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Turkey outing with dad couldn't have been better


BELDING -- At 4:30 a.m., I found myself wandering around Meijer's looking for chalk.

I needed some chalk for my turkey call. I knew that in advance, of course, but my father (henceforth, Frank) assured me he had a chunk of chalk in his box call, so I didn't bother with it. But when we rolled out of bed that morning, Frank suddenly discovered he'd left his call at home.


checked out the sporting goods department and then toys and was about to give up when I found a sales associate stocking shelves in housewares. I told her I needed chalk.

"Blackboard chalk or sidewalk chalk?"

"Doesn't matter."

"That would be in stationary."

So I went over to stationary and found both kinds.

That adventure put us about 15 minutes behind optimal arrival time in the woods. There was a stiff wind blowing and my owl hoots went unanswered.

I stationed Frank against a tree just a few yards off a clover field, put out a decoy, called once (no answer) then took off, making my way past places where I'd found roosting birds in other years, calling, but getting nothing in response.

When I got back to Frank, sunrise was threatening and, despite his camouflage coveralls, he was sticking out like a Cadillac at a Kia convention. I quickly gathered up some fallen limbs and built a make-shift blind -- just enough to break up his outline -- found a comfy spot against a tree 10 yards away and let out a series of yelps. Ten minutes later, I followed with a soft yelp, purred a little bit, then sat back.

And what do you know, out of the north, here they came, four of them -- three jakes and an older tom -- silent but determined, with all eyes fixed on the faux hen. I slowly turned my head toward my dad -- he looked to me as though he was nodding off -- and said quietly, "Frank, from my left."

Frank started craning around to get a look, so, through clenched teeth, I said sternly, "Don't move." (Later, when we were recounting the morning's events to the Woman I Live With, she said: "What, did you think if the turkeys didn't see your lips move they wouldn't hear you?")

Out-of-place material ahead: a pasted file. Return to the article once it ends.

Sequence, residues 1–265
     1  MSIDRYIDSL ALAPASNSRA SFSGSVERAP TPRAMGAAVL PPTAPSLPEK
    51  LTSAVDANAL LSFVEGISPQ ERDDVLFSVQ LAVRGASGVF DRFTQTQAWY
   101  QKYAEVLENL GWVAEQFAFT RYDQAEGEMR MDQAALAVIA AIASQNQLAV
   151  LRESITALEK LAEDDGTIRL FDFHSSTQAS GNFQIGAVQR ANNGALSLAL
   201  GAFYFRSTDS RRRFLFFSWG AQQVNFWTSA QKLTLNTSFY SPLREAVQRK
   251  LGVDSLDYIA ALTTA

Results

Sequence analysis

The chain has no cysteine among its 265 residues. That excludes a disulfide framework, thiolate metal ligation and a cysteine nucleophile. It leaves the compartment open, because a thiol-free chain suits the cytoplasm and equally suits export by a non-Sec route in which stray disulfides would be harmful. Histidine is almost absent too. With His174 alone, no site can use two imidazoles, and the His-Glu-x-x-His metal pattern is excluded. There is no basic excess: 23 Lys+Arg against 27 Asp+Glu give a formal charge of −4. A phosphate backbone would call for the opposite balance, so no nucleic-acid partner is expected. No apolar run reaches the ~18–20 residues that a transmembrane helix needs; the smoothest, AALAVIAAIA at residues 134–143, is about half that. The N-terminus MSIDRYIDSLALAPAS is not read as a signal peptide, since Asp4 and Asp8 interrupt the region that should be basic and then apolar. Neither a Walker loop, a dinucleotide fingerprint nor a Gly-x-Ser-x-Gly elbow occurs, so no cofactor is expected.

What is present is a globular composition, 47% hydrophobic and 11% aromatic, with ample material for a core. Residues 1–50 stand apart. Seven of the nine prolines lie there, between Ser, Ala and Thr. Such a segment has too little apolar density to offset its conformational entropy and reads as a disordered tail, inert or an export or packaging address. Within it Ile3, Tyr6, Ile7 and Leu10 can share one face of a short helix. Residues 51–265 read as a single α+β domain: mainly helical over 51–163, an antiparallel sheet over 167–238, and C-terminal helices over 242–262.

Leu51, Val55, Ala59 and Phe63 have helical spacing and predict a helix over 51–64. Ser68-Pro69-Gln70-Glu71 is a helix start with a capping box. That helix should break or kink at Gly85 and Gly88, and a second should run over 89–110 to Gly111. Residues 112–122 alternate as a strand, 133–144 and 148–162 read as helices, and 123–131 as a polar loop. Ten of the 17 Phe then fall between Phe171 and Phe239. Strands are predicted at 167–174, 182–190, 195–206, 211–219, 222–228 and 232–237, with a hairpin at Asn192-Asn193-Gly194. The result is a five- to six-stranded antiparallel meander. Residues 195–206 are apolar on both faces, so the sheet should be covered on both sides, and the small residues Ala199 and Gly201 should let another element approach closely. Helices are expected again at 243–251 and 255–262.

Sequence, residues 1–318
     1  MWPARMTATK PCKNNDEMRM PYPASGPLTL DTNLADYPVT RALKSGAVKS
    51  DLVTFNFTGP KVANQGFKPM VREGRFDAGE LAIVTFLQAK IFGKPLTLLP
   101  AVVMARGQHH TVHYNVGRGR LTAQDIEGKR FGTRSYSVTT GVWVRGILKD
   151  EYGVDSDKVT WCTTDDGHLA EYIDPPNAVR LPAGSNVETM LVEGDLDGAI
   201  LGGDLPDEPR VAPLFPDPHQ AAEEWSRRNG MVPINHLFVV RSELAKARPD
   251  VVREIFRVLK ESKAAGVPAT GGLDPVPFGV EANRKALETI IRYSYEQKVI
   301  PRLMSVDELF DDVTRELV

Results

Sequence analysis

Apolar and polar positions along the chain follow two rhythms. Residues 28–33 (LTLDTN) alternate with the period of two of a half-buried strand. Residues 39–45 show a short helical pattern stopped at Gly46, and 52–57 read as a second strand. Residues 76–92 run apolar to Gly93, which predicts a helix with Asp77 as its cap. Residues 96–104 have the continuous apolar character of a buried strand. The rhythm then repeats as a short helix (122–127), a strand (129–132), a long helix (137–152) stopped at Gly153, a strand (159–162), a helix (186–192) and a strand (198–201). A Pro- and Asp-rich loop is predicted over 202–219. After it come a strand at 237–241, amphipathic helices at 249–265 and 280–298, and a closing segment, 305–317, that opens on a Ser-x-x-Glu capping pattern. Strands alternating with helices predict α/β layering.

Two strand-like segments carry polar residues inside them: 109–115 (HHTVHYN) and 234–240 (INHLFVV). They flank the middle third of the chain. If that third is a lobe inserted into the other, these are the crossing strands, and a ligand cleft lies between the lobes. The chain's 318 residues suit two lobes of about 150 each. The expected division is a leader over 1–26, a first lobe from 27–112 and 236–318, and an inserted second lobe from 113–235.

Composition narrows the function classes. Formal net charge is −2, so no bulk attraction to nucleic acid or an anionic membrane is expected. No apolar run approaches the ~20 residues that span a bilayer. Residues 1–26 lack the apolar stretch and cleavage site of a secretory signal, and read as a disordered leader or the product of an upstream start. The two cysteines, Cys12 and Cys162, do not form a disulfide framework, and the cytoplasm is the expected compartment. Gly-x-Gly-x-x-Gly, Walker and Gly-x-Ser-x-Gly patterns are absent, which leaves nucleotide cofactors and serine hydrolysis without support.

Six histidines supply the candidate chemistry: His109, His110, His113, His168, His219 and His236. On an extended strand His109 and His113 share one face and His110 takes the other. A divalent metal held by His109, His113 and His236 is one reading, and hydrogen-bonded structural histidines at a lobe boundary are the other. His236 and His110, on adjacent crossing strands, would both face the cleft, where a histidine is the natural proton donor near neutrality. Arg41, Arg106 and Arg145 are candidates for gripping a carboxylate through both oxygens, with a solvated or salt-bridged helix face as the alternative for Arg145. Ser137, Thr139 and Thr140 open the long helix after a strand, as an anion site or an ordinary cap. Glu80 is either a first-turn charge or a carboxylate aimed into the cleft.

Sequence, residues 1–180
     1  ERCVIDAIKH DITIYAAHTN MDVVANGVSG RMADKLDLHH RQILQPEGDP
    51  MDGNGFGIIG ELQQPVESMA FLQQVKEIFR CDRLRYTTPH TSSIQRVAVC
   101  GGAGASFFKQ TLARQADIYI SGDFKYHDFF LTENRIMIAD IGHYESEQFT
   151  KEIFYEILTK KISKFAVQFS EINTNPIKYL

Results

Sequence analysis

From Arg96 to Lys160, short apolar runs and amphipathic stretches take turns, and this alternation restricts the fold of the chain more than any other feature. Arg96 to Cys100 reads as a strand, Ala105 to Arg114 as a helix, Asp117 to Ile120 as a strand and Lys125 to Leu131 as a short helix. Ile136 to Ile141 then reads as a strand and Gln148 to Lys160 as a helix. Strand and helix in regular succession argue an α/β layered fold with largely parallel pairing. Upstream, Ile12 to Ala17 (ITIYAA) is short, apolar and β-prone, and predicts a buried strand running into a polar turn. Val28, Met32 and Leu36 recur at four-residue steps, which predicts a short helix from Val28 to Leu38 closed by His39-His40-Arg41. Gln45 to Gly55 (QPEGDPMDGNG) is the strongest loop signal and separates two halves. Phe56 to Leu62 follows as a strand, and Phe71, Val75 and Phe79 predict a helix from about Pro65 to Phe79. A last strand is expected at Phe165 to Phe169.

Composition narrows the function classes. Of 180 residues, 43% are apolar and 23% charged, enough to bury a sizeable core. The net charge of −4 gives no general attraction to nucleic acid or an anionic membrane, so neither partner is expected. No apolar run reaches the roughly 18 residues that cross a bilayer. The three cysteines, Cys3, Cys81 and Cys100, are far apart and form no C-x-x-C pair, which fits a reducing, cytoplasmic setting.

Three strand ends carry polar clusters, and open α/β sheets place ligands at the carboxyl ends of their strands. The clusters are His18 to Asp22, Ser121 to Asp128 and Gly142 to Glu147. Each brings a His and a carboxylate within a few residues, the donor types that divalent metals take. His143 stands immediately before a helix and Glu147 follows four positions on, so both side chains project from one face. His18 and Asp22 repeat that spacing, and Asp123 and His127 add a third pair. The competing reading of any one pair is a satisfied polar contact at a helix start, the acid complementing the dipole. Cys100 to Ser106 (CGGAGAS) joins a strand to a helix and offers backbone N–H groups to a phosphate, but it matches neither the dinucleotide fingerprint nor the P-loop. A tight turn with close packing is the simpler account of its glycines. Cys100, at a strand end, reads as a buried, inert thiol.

When the turkeys arrived in a spot that featured a leafy shrub between their position and mine, I raised my shotgun and got ready, figuring I'd take one after Frank shot.

But just short of the decoy, the turkeys smelled a rat and reversed field. I hissed "Take him," to my dad and as the birds began to pick up steam, I picked out the lead jake and rolled him over. (After three decades of turkey hunting, I've decided I'd rather kill a young tender one than a shoe-leather tough trophy.)

Frank shot a second later. One of the birds took wing, the other just took off on a sprint and disappeared in the brush.

I bounced up.

"Did ya miss?"

"I guess."

As I walked out to pick up my bird, I first heard, then saw, commotion in the brush. I ran over and chased down (no small feat, given the cover) a broken-winged turkey. Frank hadn't missed. I wrung his neck, carried him back out to the clover field and dropped him next to mine.

We compared birds, both of them beautiful. Frank had killed the bigger one. I'd killed the kind I'd wanted. We tagged them. I looked at my watch. It was 6:30.

Two hours after wondering why the sales gal wanted to know if I'd wanted blackboard chalk or sidewalk chalk, when they were right next to each other on the shelf, it was mission accomplished.

Could it have possibly been any better?

Only if we'd had another tag left, so we could do it again tomorrow.
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